Tribune Company announces 700 layoffs

By Christopher Davion
23 November 2013

On Wednesday, November 20, the Tribune Co. announced plans to eliminate nearly 700 jobs among the Chicago Tribune, Los Angeles Times and its six other daily newspapers that the Chicago-based media company owns. Publishing staff positions, accounting for about 6 percent of Tribune Company’s workforce, were announced to be eliminated beginning Wednesday.

In conjunction with the layoff announcement, Tribune Co. has announced a coinciding plan to restructure its publishing business toward an expanded focus on its digital media and “streamlining operations.”

“Unfortunately, organizing around functional lines rather than maintain what we’re doing locally, there is going to be some staff reductions,” Tribune president and CEO Peter Liguori remarked on the layoff announcement. “We are not going to be reducing any of our frontline reporters. Over time there will be some small reductions on the editorial side, but we want to maintain our best-in-class local journalism.”

Wednesday’s announcement of mass layoffs was one in a long series of job eliminations the company has undertaken over the last five years. Tribune Co.’s publishing division has reduced its expenses by 13 percent through the first nine months of 2013, much of which came from lowering employee compensation. In the same period, according to Tribune financial statements, about 360 publishing jobs were eliminated, the vast majority of which occurred in the company’s third quarter.

Tribune management eliminated another 800 jobs in publishing in 2012. Between 2008 and 2009, the Chicago Tribune cut nearly 250 jobs. This included the layoff of 53 newsroom employee positions on April 22, 2009, the same day Tribune Co. requested approval from the bankruptcy court to pay $13 million in 2008 incentive bonuses to some 700 management positions.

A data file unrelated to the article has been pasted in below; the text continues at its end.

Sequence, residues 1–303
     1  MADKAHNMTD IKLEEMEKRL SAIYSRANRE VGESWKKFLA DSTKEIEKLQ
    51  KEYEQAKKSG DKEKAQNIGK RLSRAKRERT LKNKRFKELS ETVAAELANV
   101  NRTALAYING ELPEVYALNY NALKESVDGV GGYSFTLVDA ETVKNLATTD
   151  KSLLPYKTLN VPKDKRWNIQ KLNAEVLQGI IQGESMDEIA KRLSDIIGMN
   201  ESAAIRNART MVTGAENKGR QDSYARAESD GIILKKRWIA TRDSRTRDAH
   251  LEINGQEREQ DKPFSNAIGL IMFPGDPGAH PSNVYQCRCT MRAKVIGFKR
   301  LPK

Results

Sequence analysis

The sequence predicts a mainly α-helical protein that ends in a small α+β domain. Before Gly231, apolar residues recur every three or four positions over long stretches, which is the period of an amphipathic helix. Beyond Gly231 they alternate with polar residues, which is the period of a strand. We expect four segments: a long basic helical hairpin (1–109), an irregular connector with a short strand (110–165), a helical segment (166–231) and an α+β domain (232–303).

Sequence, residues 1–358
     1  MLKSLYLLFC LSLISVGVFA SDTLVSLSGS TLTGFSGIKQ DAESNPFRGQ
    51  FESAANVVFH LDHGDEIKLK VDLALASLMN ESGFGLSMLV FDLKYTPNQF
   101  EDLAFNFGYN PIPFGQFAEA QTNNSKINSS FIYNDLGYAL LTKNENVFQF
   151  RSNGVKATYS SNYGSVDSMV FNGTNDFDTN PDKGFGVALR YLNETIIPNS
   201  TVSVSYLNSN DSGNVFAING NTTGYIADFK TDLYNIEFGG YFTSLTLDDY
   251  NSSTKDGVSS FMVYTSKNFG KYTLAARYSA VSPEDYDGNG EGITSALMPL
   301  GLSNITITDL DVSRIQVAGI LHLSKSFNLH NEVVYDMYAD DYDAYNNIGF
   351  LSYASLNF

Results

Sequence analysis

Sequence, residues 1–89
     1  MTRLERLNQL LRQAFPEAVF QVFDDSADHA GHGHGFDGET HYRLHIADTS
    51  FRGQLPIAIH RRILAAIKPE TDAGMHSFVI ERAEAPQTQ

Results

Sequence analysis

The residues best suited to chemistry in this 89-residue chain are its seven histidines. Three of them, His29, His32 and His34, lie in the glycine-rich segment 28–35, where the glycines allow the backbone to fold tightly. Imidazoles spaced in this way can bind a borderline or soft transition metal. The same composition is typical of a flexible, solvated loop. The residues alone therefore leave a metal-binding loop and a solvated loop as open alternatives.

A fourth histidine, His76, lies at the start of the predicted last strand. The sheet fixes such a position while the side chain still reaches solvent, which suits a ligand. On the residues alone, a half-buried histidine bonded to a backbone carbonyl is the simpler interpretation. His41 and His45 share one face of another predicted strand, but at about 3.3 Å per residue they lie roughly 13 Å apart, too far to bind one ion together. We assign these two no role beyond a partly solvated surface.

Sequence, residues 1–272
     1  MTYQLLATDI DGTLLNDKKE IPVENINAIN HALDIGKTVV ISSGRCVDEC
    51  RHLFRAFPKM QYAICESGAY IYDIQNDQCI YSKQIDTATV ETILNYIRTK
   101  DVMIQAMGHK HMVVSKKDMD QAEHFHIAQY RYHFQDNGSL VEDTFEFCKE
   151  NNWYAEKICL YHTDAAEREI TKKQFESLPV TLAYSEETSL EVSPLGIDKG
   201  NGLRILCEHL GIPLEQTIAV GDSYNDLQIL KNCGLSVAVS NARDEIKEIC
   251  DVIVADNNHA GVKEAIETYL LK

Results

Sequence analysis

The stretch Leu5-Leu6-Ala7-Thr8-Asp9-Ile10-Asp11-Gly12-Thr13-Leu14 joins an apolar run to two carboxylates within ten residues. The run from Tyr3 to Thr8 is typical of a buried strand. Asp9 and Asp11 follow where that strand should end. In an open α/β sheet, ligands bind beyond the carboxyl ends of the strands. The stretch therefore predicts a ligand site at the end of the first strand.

Tribune Co. presently employs more than 12,000 people at its newspapers, television stations and other media outlets. As of June 30, the company had some 8,500 employees in its publishing division and 2,598 employees in its broadcast division. The third-quarter cuts represented 2.7 percent of its publishing division, respectively.

In addition to its eight daily newspapers, the Tribune Company owns 23 television stations including WGN-Ch. 9, national cable channel WGN America and WGN-AM 720.

The company initially went into federal bankruptcy protection in December 2008 as a result of the immense decline in newspaper sales and advertising revenue resulting from the economic recession and the growing trend toward digital news media over traditional printed new publications.

The company reported that its advertising revenues had dropped by $84 million in 2012, and is expected to continue that rate of decline. Publishing ad revenues were reported to be down by $62 million or 8 percent, through the first nine months of 2013. For that same period, the publishing unit still managed to generate an operating profit of $151 million.

Since Tribune Co. emerged from a four-year stay in Chapter 11 bankruptcy on December 31, 2012, the company has been exploring possible means of divesting its newspaper publications. To this end, in February 2013, the company hired Evercore and JPMorgan Chase to assess the possibilities of selling off its eight newspapers, which also include the Baltimore Sun, the Orlando Sentinel and the Morning Call.

Beginning next year, the company plans to “invest more concertedly” in digital growth, according to Liguori. He announced that Tribune Publishing’s digital unit will be headed up by Bill Adee, who currently serves as senior vice president of digital development and operations at the Chicago Tribune.

In conjunction with these plans, the company announced its intention in July to transform its publishing division into a separate company. According to executives, the formation of a separate publishing company is set to happen three to six months after a Form 10 registration report is filed with the Securities and Exchange Commission by the end of 2013. The new separate publishing company has yet to be named, according to Tribune executives.

Tribune Co. is continuing to struggle with a bankruptcy reorganization plan that will satisfy its creditors. With the strong decline in revenue, the company has yet been unable to repay the debt incurred from the disastrous $8.2 billion buyout concocted last year by real estate mogul Sam Zell.